Problem framing for Australian coastal management

Carmen E. Elrick-Barr, Timothy F. Smith

Research output: Contribution to journalArticlepeer-review

1 Citation (Scopus)

Abstract

How we define our problems determines the solutions; yet problem framing within coastal management is rarely critiqued. Consequently, opportunities for comprehensive policy response, vital in addressing the complex challenges impacting the coast, are missed. To address this gap, we develop and apply coastal sustainability paradigms to critique 48 institutional instruments contributing to coastal management in Australia. In doing so, we uncover similarities and differences in the framing of coastal sustainability within Australian coastal management. An anthropocentric framing dominates, particularly at the local scale, prioritising humans over the environment. However, differences exist between and within jurisdictions based on sector and recency of policy reform. We also find evidence of problem-solution coupling, with some States prioritising hazard management over coastal management, through legislative backing of select instruments and sectors. The findings provide those involved in the complex system of coastal governance with the information needed to consider how the chosen framing supports or impedes public engagement and cross-scale and cross-sector coordination.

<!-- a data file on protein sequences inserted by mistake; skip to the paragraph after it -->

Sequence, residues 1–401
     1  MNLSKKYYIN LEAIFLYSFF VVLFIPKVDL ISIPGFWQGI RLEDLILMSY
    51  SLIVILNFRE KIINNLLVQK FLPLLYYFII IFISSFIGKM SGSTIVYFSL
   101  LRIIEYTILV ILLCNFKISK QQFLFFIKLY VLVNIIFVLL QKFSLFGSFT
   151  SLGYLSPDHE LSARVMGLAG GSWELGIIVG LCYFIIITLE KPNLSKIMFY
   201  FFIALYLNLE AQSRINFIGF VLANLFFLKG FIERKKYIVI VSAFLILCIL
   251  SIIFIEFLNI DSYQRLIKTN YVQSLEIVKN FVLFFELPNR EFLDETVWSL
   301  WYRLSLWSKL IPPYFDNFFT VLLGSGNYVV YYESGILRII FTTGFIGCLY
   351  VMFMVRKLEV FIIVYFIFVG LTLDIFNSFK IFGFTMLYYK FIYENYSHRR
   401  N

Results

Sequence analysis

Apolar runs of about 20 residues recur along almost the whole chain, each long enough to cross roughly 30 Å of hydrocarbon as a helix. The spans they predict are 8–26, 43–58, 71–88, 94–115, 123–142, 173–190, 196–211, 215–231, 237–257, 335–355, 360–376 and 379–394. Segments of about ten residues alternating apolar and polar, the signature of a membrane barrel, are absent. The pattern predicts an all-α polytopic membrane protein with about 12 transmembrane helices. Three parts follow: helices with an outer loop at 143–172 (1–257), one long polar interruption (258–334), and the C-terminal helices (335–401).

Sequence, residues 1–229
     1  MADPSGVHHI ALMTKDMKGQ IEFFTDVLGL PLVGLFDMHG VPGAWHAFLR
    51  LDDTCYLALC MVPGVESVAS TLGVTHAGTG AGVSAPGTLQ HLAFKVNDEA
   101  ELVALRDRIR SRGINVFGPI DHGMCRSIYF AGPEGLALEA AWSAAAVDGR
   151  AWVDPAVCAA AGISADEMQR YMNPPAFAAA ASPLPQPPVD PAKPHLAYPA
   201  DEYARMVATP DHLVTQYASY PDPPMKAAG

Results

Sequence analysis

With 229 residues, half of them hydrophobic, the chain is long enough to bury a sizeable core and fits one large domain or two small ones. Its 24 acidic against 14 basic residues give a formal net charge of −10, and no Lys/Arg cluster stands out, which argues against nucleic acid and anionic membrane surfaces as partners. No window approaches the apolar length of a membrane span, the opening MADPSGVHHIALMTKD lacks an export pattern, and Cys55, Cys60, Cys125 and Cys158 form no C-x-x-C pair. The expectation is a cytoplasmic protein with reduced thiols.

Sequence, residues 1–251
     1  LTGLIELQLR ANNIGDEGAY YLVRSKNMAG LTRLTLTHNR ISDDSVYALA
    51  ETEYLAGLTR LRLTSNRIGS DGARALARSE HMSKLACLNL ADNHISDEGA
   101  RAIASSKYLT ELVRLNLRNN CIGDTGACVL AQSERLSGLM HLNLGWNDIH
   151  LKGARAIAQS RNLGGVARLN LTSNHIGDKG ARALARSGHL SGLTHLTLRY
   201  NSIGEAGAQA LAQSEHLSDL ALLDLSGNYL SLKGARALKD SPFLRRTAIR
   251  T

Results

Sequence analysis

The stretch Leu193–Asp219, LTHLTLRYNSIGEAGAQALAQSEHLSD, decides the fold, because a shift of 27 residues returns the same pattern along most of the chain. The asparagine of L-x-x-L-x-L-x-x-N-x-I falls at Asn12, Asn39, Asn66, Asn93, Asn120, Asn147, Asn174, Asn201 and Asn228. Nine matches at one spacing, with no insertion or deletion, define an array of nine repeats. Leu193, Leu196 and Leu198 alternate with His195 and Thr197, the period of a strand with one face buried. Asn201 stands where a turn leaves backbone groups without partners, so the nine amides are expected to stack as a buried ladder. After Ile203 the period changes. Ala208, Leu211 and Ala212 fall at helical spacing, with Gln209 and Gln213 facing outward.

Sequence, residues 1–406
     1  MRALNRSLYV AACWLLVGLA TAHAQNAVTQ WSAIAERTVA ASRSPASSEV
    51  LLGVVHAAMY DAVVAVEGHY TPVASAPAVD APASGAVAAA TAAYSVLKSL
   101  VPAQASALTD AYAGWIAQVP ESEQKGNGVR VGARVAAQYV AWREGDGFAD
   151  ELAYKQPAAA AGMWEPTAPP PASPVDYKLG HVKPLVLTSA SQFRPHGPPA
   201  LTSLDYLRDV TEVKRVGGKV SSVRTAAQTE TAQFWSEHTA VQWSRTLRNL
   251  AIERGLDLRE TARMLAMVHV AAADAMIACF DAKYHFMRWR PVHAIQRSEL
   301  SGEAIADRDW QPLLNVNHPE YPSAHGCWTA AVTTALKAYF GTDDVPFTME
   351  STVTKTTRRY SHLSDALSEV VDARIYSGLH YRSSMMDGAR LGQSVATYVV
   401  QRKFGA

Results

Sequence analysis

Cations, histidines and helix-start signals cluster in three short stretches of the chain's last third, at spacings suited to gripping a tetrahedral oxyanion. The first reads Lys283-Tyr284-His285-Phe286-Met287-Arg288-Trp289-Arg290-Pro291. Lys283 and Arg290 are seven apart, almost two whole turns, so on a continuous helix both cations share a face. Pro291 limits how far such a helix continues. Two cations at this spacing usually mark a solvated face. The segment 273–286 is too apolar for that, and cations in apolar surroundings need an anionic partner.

Original languageEnglish
Pages (from-to)218-227
Number of pages10
JournalEnvironmental Science and Policy
Volume127
DOIs
Publication statusPublished - Jan 2022
Externally publishedYes

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